SMITH: To qualify my use of selects reels: I never make selects of performance. It’s only action. I’ve never made a selects reel of performance in my life.
HULLFISH: Let’s talk about performance for a bit. What catches your eye? Like that Joker scene. How much are you molding the performance and how much are you being a steward of the actors?
SMITH: I think it’s something that simply falls down to taste. You can’t second guess it. I always cut what I like. I don’t think about what anybody else likes. I had to do what I like. Because as soon as you think about “Well, what would the other person like?” you’re dead. Because now you’re no longer using your own in-built sense of rhythm and pacing and taste and when I was editing in the early days, I quite often would make that mistake and I’d be thinking, “Well, what’s the director going to like?” As an editor you’re obviously making the movie with the director and you’re pleasing the director. That’s critically important, especially with a good director. I have had the good fortune of working with some of the great directors and the simple nature of making the right decisions please them. But you don’t ever reverse engineer your thoughts. It’s the same thing with saying, “What would the audience like?” It’s a very dangerous game because if we all knew what the audience would like, it would be simple and every film would be a hit. You’ve got to try not to tailor your thoughts to anybody else’s thought pattern. Not the studio, not the director, not the producer… you’ve just got to be faithful and you’ll succeed or fail simply based upon that.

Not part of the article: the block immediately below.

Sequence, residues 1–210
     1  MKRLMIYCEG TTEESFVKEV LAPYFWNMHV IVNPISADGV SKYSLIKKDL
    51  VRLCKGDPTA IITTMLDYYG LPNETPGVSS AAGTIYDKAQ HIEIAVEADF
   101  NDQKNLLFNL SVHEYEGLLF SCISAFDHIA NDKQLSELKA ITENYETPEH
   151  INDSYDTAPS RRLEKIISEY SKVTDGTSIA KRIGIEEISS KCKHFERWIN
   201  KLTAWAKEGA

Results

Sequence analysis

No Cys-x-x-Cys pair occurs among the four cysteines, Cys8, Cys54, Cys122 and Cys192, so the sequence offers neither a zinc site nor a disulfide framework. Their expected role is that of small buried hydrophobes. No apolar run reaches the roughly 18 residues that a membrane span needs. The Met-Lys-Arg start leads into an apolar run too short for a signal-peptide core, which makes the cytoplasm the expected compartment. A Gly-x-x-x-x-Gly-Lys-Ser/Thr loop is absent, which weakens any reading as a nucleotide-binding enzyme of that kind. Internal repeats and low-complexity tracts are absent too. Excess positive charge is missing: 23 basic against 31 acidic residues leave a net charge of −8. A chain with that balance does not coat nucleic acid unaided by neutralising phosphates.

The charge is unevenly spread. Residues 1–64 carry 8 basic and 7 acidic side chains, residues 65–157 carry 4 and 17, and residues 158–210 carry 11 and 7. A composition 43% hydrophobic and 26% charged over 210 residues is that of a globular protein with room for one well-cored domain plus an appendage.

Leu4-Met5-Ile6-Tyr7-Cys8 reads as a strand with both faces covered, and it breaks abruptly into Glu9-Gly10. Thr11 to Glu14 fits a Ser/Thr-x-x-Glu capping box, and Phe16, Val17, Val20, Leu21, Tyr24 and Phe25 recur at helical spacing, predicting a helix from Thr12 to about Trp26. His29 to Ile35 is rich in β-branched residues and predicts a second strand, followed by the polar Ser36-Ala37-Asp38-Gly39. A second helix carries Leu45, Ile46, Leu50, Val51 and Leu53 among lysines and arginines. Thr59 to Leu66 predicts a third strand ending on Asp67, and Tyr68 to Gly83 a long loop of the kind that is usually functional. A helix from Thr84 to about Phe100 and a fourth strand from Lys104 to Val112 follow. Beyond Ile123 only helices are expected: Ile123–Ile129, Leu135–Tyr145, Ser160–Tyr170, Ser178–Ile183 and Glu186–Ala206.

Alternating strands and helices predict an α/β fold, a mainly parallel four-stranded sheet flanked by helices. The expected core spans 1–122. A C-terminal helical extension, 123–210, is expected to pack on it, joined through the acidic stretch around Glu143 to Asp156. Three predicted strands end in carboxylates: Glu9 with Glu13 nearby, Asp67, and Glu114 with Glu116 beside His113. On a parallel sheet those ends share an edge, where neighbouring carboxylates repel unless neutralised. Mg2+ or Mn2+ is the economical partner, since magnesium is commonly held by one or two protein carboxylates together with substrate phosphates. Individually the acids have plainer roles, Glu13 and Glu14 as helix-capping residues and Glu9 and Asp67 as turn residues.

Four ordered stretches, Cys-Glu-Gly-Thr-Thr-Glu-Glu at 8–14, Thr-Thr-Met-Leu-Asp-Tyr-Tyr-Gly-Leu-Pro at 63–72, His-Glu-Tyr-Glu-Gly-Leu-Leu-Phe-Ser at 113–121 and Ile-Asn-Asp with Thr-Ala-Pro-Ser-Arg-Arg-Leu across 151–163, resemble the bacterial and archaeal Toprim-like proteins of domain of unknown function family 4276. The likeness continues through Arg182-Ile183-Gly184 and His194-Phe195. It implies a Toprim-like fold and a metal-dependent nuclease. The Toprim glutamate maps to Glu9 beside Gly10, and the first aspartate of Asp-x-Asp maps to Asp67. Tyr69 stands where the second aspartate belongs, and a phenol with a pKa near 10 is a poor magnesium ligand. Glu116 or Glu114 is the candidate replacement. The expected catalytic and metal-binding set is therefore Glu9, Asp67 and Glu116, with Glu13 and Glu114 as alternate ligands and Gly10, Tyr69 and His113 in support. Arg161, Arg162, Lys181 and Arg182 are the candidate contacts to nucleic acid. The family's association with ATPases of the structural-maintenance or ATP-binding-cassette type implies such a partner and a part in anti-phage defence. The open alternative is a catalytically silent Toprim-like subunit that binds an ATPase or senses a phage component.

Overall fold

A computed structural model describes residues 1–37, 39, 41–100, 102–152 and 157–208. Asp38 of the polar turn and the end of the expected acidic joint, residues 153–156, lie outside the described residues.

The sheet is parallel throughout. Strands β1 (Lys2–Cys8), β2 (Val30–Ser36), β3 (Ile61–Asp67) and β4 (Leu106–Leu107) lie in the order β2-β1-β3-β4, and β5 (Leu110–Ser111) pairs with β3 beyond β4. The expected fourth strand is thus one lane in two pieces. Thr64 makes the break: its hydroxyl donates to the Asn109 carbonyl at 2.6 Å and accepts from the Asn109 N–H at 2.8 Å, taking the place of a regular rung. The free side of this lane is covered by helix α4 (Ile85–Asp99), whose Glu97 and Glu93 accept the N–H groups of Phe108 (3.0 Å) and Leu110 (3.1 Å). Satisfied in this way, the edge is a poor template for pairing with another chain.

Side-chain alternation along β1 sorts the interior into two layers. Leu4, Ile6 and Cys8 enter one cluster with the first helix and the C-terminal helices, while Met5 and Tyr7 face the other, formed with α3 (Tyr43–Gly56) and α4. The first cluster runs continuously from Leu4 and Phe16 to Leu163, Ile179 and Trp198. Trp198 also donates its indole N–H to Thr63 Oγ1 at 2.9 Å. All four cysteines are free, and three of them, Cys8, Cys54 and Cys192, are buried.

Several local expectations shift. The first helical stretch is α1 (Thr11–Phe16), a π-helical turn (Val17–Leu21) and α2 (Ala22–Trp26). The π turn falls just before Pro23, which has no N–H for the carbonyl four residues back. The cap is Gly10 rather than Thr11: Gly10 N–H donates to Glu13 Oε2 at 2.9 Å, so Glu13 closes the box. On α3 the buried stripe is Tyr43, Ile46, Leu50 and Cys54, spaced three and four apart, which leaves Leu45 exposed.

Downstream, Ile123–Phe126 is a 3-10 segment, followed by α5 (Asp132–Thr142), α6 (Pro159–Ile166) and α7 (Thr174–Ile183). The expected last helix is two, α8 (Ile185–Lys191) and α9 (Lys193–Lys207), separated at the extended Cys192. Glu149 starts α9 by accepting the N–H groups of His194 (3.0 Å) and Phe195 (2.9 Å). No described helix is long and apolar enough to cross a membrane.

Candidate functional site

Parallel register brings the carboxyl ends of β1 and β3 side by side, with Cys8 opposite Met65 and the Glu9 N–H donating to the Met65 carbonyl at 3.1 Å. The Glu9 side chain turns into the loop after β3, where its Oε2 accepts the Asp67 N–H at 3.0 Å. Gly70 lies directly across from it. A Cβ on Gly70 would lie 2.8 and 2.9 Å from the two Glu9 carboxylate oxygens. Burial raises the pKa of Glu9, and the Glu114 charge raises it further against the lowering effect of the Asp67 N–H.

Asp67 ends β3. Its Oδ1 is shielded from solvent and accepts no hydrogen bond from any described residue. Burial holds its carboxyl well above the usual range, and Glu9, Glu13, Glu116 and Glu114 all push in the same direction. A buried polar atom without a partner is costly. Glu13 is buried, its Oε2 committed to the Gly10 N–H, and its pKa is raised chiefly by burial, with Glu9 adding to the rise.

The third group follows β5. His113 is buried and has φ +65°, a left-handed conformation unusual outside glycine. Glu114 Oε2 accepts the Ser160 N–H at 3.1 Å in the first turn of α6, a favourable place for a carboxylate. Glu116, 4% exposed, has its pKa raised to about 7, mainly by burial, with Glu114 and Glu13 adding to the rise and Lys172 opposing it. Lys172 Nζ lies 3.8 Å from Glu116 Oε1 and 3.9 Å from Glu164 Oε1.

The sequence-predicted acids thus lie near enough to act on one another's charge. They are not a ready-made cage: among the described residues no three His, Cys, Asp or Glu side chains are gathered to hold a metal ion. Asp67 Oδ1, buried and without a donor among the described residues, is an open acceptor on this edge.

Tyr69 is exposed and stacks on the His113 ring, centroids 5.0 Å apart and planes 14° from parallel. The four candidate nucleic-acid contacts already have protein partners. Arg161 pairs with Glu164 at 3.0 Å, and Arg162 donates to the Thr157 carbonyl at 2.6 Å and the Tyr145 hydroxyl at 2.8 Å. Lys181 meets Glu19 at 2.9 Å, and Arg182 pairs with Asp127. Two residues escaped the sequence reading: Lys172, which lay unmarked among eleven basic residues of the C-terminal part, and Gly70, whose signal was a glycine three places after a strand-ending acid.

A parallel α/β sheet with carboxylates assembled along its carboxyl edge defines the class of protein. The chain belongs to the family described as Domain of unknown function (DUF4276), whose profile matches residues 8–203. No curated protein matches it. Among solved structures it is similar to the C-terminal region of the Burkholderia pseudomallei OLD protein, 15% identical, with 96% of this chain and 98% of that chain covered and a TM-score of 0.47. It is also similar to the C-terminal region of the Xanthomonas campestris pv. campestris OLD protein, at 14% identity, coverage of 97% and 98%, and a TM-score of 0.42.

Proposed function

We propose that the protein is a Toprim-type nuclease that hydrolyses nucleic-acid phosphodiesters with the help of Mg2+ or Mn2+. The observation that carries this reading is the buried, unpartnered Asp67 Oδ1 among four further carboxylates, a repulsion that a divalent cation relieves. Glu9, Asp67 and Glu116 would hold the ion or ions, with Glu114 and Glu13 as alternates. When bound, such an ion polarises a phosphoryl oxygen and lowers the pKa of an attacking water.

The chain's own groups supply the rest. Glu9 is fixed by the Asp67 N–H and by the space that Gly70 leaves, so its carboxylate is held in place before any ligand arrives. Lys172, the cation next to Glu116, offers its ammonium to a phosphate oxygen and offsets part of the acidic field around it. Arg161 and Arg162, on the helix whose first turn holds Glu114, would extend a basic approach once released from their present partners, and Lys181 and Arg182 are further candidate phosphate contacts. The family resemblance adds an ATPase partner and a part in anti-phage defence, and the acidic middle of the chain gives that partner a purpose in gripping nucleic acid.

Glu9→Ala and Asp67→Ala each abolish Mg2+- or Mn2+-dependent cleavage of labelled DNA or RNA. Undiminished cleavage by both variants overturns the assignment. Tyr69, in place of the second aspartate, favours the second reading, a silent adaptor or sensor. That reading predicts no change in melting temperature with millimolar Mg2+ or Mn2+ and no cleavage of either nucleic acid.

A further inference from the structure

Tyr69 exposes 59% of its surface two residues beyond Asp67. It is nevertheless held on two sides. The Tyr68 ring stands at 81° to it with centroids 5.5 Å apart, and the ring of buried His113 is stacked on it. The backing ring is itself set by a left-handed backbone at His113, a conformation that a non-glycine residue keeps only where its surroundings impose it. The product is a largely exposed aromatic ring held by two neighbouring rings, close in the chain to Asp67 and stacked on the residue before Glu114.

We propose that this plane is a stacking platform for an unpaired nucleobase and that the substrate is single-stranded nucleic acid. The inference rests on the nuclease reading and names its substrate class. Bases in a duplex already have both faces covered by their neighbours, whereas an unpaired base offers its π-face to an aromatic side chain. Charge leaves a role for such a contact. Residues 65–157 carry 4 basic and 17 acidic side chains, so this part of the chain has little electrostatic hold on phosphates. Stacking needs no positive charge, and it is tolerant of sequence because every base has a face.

HULLFISH: How much are you able to influence performances just by the timing of the delivery of lines or are you trying to be fairly faithful to the actors?
SMITH: On occasion, but if you’re working on a top level film with top level actors and a top level director, it’s rare. If you’re working with a lesser director then that can happen. Or if you’re working with a great director who has a very organic outlook and they’re not prepared to stick with something just because of what they’ve done before and they’re trying to push the envelope. It’s a fascinating thing and if there is something incorrect, it just jumps out at me, even before I play back for the director at the end of the shoot. I would have solved that problem or made the director aware of my concerns.